Shortage of Native American physicians creates concerns, elicits calls for action
Wednesday, May 31, 2017
PHOENIX – Dena Wilson never doubted what she wanted to do with her life while growing up on the Pine Ridge Indian Reservation in South Dakota.
Her mother worked at the Indian Health Service as a social worker, and aside from a brief desire to be a bird in kindergarten, Wilson knew she wanted to become a doctor.
Wilson attended Chadron State College in Nebraska and then the University of Washington for medical school. After that, she pursued a cardiology fellowship at the University of Arizona’s medical center, and she worked for a native cardiology program in Northern Arizona before coming to Phoenix to work for the Indian Health Service.
“Just growing up, receiving care in the Indian Health Service, knowing there was such a shortage, and never seeing any other native providers, this was something I wanted to do,” Wilson said.
Wilson belongs to an exclusive club. Not only is she the lone cardiologist working for the Indian Health Service in Phoenix, but she’s also Native American, a member of the Oglala Lakota Sioux tribe.
Of the nearly 19,000 graduates of medical school last year in the U.S., only 31 were Native American. Here in Arizona, there’s an estimated 13,542 physicians statewide, and only 107 were Native American – that’s less than 1 percent, according to a database by the Association of American Medical Colleges using 2013 numbers.
Experts said the shortage of Native American doctors in Arizona – in which there are more than 350,000 Native Americans – is concerning because it impacts the effectiveness of health care delivery overall, as well as the research into health disparities.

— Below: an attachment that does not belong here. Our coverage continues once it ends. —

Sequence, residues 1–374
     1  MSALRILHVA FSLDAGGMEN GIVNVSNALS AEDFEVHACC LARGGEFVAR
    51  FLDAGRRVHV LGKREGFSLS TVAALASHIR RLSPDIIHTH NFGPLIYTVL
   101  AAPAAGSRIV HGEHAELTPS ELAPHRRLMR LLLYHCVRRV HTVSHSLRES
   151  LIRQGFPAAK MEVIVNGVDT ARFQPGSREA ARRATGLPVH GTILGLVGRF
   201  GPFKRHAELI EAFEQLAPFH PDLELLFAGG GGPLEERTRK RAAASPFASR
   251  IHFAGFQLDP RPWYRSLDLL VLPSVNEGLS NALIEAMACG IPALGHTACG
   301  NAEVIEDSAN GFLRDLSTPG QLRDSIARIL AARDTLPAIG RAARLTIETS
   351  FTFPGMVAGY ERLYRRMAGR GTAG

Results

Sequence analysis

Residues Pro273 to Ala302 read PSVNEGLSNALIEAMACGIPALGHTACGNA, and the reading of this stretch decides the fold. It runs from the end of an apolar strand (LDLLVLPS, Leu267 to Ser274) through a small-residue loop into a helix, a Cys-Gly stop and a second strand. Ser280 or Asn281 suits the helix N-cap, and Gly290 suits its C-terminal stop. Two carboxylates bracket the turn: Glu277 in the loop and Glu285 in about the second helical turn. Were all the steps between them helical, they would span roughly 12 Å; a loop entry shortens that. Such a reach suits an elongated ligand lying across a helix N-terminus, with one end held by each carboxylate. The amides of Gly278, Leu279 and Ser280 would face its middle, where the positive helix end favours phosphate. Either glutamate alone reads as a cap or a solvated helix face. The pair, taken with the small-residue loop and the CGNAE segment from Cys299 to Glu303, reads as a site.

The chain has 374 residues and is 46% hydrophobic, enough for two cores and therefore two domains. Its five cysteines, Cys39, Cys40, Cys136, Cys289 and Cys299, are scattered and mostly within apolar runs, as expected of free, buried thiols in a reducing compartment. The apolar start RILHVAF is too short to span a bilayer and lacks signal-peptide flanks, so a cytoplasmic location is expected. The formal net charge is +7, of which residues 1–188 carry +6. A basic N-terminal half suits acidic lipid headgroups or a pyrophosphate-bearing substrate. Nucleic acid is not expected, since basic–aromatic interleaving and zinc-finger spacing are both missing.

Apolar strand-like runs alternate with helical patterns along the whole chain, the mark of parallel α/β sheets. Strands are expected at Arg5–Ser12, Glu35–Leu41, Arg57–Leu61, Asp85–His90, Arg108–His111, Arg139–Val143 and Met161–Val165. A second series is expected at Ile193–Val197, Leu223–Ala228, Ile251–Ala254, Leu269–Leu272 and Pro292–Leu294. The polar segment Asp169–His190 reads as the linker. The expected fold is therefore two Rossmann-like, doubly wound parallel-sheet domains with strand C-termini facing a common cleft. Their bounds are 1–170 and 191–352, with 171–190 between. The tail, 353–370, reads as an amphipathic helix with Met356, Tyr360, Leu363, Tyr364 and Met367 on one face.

Doctors advocate for diverse workforce
Historically, Native Americans have faced more health problems when compared with other Americans.
Native Americans die at higher rates in several categories, including chronic liver disease, diabetes and chronic lower respiratory disease, and they have a life expectancy rate 4.4 years less than all other U.S. races, according to the Indian Health Service.
The Indian Health Service, which provides health services to about 2.2 million of the nation’s estimated 3.7 million Native Americans, suffers from serious staff shortages. Earlier this year, the Government Accountability Office added it and other Native American programs to the “high-risk” list, meaning it’s viewed as highly vulnerable to fraud, waste, abuse and mismanagement.
But how do these disparities in health outcomes relate to a lack of Native American physicians?
“A lot of people think why should that matter?” said Dr. Lukejohn Day, the director of clinical gastroenterology at Zuckerberg San Francisco General Hospital and an associate professor of medicine at the University California, San Francisco. Day also is a member of the Oglala Lakota tribe.
“What a lot of studies have shown is a diverse health care workforce supplies better provider patient communication, follow ups and treatment adherence,” Day said. “Also, what we’ve seen is the more diverse a workforce is, the more research there is on health care disparities.”
And then there’s the “people” part of the equation.
“People tend to comply better when they feel their physicians have a better understanding of who they are and where they come from,” said Dr. Mary Owen, director of the Center of American Indian and Minority Health at the University of Minnesota Duluth campus.